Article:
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Obama finds friendly territory on Jersey shore

The political odd couple is back.
US President Barack Obama and New Jersey Governor Chris Christie (L) walk along the boardwalk as they view rebuilding efforts following last year's Hurricane Sandy in Point Pleasant, New Jersey, on May 28, 2013. (Photo by Saul Loeb/AFP/Getty Images)
US President Barack Obama and New Jersey Governor Chris Christie (L) walk along the boardwalk as they view rebuilding efforts following last year's Hurricane...

The political odd couple is back.

President Obama and New Jersey Gov. Chris Christie were reunited on Tuesday as the commander-in-chief toured areas of the Garden State that were ravaged by Hurricane Sandy last October. The trip comes as Obama tries to distance himself from a trio of political controversies that have dogged both him and the White House this month—the IRS scandal, Benghazi, and the Department of Justice subpoenaing the phone records of journalists.

The Jersey trip allowed Obama to show that he’s bipartisan, the government’s recovery efforts worked, that Jersey’s economy is bouncing back and that he follows through on his promises.

"Seven months ago, I promised you that your country would have your back. I told you we would not quit until the job was done and I meant it," said Obama in Asbury Park. He added the state's residents have proven: "You are stronger than the storm, after all you've dealt with and all you've been through. The Jersey Shore is back and open for business." Obama noted there are still some who haven't seen their homes rebuilt or their businesses up and running again.

"We don't want them to think we've checked a box and that we've moved on. That's part of the reason I came back—to let people know we're going to keep going," the president said. The Category-3 storm caused approximately $38 billion in damages in the state, harmed or destroyed about 360,000 homes and apartments and left more than 2.6 million customers—some for weeks—without electricity.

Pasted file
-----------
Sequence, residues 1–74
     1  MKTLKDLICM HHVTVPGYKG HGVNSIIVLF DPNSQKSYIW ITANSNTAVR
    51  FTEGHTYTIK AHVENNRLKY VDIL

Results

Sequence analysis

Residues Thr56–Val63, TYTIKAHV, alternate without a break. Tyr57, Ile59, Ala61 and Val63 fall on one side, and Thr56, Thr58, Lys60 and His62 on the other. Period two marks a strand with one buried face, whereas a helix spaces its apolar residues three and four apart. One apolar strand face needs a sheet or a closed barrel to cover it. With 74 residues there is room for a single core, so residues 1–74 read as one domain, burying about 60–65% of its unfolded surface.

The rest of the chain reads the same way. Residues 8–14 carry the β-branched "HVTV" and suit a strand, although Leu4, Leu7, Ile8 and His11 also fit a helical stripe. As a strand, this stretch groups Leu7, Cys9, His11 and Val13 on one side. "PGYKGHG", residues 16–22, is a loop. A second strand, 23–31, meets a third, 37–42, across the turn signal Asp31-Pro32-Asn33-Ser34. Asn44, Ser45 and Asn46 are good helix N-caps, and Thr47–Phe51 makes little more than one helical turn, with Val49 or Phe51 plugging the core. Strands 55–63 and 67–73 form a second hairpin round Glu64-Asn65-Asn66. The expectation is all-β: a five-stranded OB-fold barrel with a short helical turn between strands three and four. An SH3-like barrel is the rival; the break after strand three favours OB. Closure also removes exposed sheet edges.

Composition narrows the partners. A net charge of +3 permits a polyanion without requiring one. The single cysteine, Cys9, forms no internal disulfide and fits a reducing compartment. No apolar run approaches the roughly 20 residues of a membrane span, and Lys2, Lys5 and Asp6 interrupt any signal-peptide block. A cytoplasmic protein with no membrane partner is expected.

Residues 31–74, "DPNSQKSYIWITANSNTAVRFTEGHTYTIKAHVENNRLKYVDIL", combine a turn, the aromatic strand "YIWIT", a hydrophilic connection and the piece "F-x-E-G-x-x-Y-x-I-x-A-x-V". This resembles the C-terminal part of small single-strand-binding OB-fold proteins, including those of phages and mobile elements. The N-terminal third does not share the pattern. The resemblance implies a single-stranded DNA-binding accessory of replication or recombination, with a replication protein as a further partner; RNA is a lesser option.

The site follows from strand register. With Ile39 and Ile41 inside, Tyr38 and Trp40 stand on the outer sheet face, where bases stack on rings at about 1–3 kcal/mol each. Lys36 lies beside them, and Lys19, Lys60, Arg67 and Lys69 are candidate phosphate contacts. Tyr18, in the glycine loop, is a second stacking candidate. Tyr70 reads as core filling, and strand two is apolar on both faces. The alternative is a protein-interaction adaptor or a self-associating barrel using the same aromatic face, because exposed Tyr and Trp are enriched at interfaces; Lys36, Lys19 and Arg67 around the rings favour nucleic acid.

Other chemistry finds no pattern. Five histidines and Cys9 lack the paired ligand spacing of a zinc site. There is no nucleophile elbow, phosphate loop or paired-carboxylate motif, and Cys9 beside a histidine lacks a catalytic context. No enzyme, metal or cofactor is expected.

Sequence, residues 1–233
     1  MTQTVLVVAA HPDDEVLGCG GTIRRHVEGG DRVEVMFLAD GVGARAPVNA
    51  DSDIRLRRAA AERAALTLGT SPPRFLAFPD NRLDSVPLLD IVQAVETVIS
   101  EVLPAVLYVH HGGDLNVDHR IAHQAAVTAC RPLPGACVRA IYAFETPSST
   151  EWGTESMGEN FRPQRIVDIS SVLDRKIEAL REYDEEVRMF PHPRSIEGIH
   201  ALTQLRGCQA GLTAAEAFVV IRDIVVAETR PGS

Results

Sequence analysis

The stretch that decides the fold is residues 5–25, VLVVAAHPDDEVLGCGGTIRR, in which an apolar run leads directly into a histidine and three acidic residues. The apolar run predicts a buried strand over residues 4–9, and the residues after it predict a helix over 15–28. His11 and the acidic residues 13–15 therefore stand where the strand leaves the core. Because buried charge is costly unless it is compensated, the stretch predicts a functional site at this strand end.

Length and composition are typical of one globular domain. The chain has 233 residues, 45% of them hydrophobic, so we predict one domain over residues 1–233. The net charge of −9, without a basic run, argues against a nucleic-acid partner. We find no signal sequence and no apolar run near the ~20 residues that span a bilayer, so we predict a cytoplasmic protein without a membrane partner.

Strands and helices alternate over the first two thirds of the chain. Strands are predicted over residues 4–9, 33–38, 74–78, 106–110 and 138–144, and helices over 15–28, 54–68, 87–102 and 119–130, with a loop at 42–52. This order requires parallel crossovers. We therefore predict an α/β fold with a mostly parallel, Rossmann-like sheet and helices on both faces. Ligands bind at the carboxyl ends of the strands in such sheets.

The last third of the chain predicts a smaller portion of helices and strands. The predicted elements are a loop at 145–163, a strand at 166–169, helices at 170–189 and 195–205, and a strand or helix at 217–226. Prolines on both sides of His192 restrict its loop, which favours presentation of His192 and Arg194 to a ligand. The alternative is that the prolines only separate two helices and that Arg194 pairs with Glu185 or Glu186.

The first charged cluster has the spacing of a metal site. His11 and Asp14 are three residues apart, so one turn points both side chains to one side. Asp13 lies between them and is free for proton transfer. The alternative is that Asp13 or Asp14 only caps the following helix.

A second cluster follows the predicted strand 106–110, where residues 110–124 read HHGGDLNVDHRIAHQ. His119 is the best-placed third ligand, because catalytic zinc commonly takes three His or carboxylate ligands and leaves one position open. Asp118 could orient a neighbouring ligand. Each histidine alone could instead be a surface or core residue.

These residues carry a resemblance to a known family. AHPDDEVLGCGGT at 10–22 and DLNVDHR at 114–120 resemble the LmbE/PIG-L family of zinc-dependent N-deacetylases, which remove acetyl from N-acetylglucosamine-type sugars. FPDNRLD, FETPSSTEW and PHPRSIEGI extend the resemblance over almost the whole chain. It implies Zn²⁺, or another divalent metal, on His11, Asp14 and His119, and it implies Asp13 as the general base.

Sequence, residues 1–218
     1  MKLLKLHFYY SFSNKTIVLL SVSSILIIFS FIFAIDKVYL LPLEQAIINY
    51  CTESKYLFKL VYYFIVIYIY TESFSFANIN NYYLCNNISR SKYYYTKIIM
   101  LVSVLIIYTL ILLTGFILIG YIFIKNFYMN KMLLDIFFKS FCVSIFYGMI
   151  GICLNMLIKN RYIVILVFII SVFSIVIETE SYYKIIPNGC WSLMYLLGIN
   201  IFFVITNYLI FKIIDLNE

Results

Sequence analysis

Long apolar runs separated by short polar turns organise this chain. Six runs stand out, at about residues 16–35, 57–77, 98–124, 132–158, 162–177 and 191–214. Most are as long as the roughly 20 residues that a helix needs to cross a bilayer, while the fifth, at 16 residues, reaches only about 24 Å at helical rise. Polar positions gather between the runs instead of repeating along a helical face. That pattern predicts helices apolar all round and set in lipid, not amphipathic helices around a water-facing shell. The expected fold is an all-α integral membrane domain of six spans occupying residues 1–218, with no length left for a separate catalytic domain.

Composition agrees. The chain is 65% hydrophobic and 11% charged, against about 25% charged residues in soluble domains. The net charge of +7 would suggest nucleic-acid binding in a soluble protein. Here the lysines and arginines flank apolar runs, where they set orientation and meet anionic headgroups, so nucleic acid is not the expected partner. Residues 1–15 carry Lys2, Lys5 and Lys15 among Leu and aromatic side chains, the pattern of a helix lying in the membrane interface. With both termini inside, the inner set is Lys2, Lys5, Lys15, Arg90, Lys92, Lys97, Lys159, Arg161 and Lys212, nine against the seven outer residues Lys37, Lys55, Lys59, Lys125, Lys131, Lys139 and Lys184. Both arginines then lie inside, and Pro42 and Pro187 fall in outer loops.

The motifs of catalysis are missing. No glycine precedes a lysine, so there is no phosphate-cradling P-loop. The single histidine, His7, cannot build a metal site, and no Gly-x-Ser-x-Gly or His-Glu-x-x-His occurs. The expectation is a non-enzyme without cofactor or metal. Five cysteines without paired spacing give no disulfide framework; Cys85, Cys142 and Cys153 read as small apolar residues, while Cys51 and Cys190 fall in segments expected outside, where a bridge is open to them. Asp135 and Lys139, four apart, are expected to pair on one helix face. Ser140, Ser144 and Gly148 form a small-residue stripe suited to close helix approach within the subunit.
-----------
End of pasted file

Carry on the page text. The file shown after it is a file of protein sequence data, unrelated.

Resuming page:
Obama touted the Federal Emergency Management Agency, which is now working to rebuild in Oklahoma following a deadly tornado there last week. The president toured the state on Sunday to survey the twister’s damage and to meet with victims.

Christie became cozy with the president after working with him to repair the damage wrought by the hurricane in the days leading up to the 2012 election. The Republican governor—who caught a lot of heat from his party for daring to say nice things about Obama—praised the  federal response and Obama’s leadership during the natural disaster. Many even speculated Christie was snubbed from a Conservative Political Action Conference speaking slot for the close relationship with the president.

On Tuesday, Obama and Christie drove from Brielle to Point Pleasant, where they made an unannounced stop at the boardwalk. The two visited an arcade called “TouchDown Fever” and tried to win a stuffed bear by throwing a football through a tire.

Obama missed after a few tries, but Christie lobbed the ball through the tire on his first throw. Obama then gave Christie a high five and declared, “That’s because he’s running for office!” Christie, whose popularity remains high, is up for re-election for governor in November against Democratic state Sen. Barbara Buono.

The governor told the crowd that he made sure the president understood "there's still a lot more to do," adding "I'm not going to let anything or anyone get between our mission to restore and recover our great state."

Christie has gone on a media blitz this past week to tout the state’s recovery efforts as the Jersey Shore reopened for business ahead of Memorial Day. But the Republican brushed aside politics Friday when asked if his ties to Obama could hurt him among conservatives if he does run for president in 2016.

“The fact of the matter is, he’s the president of the United States,” said Christie on NBC's Today.  “And he wants to come here and see the people of New Jersey. I’m the governor. I’ll be here to welcome him.”